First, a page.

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Trafalgar Square, London

Trafalgar Square is a famous public square in Central London. The name of the square commemorates the Battle of Trafalgar in October 1805 during the Napoleonic Wars when the British navy defeated the navies of France and Spain off the coast of Cape Trafalgar, Spain. The square is a large area with roads on three sides and a terrace to the north facing the National Gallery.

Trafalgar Square is a bustling area and a must visit destination for visitors to London. Its prominence in Central London makes it a popular meeting spot for Londoners as well as visitors. There are many interesting attractions surrounding the square. The famous National Gallery is towards the north, the Mall leading to Buckingham Palace towards the south and the Strand towards the east. Whitehall is a major road in London running south from Trafalgar Square to Parliament Square.

 Trafalgar Square by David Iliff

Pigeons at Trafalgar Square

Trafalgar Square was once famous for the hordes of pigeons frequenting the area. Feed sellers once sold birdseeds here, encouraging the pigeons to flock in hordes. The local authorities considered the droppings from birds a hazard, disfiguring the stonework at the square. In 2003, the authorities banned the feeding of birds at Trafalgar Square and began to engage handlers to release hawks in the early morning to scare the pigeons to reduce their numbers.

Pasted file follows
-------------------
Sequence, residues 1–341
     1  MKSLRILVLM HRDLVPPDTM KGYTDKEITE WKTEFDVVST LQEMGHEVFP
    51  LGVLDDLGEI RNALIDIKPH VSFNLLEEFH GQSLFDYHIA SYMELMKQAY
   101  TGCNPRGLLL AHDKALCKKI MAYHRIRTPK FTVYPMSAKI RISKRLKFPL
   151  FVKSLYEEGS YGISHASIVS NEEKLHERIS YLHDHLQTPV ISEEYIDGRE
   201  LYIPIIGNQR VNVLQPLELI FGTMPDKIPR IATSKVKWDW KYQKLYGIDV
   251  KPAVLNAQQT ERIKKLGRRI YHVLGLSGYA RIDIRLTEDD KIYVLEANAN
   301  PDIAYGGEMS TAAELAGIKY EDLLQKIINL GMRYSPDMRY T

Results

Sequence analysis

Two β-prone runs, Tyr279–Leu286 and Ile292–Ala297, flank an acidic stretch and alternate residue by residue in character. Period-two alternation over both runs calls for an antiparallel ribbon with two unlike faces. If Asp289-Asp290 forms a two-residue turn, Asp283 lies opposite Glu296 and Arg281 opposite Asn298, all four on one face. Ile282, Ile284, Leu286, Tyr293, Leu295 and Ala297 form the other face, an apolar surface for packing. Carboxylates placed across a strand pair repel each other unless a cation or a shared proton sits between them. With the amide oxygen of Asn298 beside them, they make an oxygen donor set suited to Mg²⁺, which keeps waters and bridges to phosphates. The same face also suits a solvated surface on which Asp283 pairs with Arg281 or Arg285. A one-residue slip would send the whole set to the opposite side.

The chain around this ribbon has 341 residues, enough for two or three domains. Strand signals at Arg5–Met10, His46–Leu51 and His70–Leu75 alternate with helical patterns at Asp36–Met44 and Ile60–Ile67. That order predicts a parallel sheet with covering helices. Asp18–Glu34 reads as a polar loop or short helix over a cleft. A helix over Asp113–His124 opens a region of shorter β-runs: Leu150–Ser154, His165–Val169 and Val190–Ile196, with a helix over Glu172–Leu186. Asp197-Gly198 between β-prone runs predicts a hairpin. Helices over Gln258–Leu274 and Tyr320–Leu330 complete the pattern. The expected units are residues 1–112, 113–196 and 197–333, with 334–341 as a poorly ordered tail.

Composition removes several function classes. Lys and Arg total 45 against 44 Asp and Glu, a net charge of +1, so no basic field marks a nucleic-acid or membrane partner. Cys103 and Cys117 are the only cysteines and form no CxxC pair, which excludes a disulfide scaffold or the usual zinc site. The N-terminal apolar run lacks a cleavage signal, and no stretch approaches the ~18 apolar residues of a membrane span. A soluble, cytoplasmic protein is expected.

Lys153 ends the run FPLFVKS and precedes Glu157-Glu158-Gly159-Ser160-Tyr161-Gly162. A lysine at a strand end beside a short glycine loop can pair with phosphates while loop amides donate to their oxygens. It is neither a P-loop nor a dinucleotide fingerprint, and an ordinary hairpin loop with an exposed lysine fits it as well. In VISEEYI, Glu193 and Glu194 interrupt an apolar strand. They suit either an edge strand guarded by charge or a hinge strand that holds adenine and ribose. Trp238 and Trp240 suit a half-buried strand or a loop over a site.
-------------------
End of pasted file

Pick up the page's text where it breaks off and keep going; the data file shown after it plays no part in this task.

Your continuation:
See & Do

Nelson’s Column is a prominent monument situated in the centre of the square and commemorates Lord Nelson, the Vice Admiral who led the British naval forces to victory at the Battle of Trafalgar. The monument stands at 51.6 metres (169 feet 3 inches) from the bottom of the pedestal to the top of Nelson's hat. Four bronze lions are at the base of the column. There are also two fountains and illuminated at night with coloured lights.

Nelson's Column at Trafalgar Square by Another Believer

There are four plinths for statues at the four corners of Trafalgar Square. There are the bronze statues of General Sir Charles Napier in the southwest, Major General Sir Henry Havelock in the southeast and King George IV in the northeast. The fourth plinth in the northwest is for specially commissioned artwork. There are busts of Lord Jellicoe, Lord Beatty and Lord Admiral Cunningham north of the square. There is also a bronze statue of King Charles I on horseback.

Statue of Sir Henry Havelock by klndonnelly

Trafalgar Square is a popular site for political demonstrations, cultural events, performances and shows. It is also a popular venue for sport related events including victory celebrations such as England’s victory in the 2003 Rugby World Cup and London’s successful bid to host the 2012 Olympics in 2005. Trafalgar Square is home to the largest Christmas tree in London, an annual gift from the Norwegian city of Oslo. Every New Year Eve, crowds gather at Trafalgar Square waiting for the strike of midnight when the area turns into a party atmosphere with some jumping into the fountains.

Visiting Trafalgar Square

Charing Cross (Underground) Station is the nearest London Underground station from Trafalgar Square. The station serves the Northern and Bakerloo Lines and the entrance is actually on the southeastern corner of the square. Underground stations further away but about a 10 minutes walk from Trafalgar Square are Piccadilly Circus (Piccadilly and Bakerloo Lines), Leicester Square (Northern and Piccadilly Lines) and Embankment (Circle, District, Northern and Bakerloo Lines) Stations.

Trafalgar Square on the Map

Trafalgar Square, London WC2N 5DN, UK

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